On November 14, President Trump endorsed bipartisan Senate efforts to reform the nation’s criminal justice system. The legislation, titled the First Step Act, would implement reforms intended to reduce prisoner recidivism and loosen minimum sentencing laws, among other things. The House passed a related piece of legislation in May, and the Senate is now working on a compromise bill that would incorporate aspects of the House-passed version.
While the First Step Act is primarily focused on federal prison reform, counties would still be impacted by this legislation. With counties operating 91 percent of the nation’s jails and playing an integral role in the reentry process for individuals after release, any changes on the federal level would have impacts at the county level. To help address these potential effects, NACo is working with lawmakers to include a reauthorization of the Second Chance Act in the First Step Act legislation. A reauthorization of the Second Chance Act is a key NACo priority as it provides grants to states and local governments to assist in developing and implementing reentry programs.
The foundation of the First Step Act focuses on reducing prisoner recidivism rates by incentivizing individuals to participate in vocational and rehabilitative programs while in prison through “earned time credits.” These credits would allow an individual to be released early to a community corrections facility or placed on in-home confinement. The bill would also provide $50 million annually over the next five years for supporting and increasing the number of vocational programs offered across the country.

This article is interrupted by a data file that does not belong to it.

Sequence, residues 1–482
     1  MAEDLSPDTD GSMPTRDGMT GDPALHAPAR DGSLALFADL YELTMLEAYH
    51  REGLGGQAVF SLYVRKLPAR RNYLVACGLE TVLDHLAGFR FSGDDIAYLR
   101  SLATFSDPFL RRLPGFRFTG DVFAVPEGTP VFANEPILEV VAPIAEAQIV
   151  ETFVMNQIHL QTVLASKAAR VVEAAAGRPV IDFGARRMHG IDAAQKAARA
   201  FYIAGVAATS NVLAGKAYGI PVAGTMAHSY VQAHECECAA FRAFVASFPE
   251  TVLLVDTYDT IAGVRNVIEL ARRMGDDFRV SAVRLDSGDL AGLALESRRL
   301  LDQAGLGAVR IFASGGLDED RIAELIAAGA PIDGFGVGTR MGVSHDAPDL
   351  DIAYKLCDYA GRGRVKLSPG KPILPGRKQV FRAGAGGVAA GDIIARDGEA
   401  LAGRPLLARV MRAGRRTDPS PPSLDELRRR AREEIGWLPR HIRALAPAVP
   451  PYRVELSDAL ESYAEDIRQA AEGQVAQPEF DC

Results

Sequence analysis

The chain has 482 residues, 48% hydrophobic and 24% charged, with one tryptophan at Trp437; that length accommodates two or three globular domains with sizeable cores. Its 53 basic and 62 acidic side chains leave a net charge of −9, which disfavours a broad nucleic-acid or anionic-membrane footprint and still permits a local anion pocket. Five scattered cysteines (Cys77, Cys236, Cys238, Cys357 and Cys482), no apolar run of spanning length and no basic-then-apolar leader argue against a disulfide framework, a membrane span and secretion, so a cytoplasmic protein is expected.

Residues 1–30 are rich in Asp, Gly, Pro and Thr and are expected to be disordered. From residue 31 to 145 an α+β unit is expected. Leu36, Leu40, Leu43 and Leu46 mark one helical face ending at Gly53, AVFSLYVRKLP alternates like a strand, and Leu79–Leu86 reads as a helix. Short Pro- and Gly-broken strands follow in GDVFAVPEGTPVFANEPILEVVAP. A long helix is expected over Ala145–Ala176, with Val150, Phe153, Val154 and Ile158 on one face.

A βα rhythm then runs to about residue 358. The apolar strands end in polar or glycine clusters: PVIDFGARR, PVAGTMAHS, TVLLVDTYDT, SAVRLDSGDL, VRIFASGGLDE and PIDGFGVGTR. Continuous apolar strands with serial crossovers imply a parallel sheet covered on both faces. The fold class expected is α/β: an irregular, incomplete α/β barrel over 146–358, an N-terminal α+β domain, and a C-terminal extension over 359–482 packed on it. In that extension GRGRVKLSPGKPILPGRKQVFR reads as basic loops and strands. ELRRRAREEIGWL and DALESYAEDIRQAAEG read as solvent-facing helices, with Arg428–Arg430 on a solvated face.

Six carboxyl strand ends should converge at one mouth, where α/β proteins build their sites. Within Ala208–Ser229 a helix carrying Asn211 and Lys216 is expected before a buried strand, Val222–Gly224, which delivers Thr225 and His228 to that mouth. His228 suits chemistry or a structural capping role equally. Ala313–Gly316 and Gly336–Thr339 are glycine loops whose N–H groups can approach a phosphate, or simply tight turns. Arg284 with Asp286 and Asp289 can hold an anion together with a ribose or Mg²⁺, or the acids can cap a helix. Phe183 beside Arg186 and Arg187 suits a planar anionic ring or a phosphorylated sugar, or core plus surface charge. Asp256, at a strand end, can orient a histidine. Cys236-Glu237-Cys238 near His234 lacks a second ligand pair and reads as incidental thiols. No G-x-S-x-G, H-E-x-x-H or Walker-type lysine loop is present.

Additional provisions under consideration by the Senate include addressing minimum federal sentencing laws for certain crimes, decreasing the “three strikes” penalty for drug felonies from life behind bars to 25 years, addressing and reducing inequality in sentencing between certain drug offenses and reducing mandatory minimum sentences for violent crimes with a firearm. A final provision could enable federal judges to implement “safety valves,” allowing them to issue sentences shorter than mandatory minimums for low level crimes.
The First Step Act has become a top priority for lawmakers with only a few weeks remaining in the 115th Congress. As the legislation continues to move through Congress, NACo will work to ensure that county priorities – including reauthorization of the Second Chance Act – and adequate funding are included to successfully facilitate enhanced programs at the local level.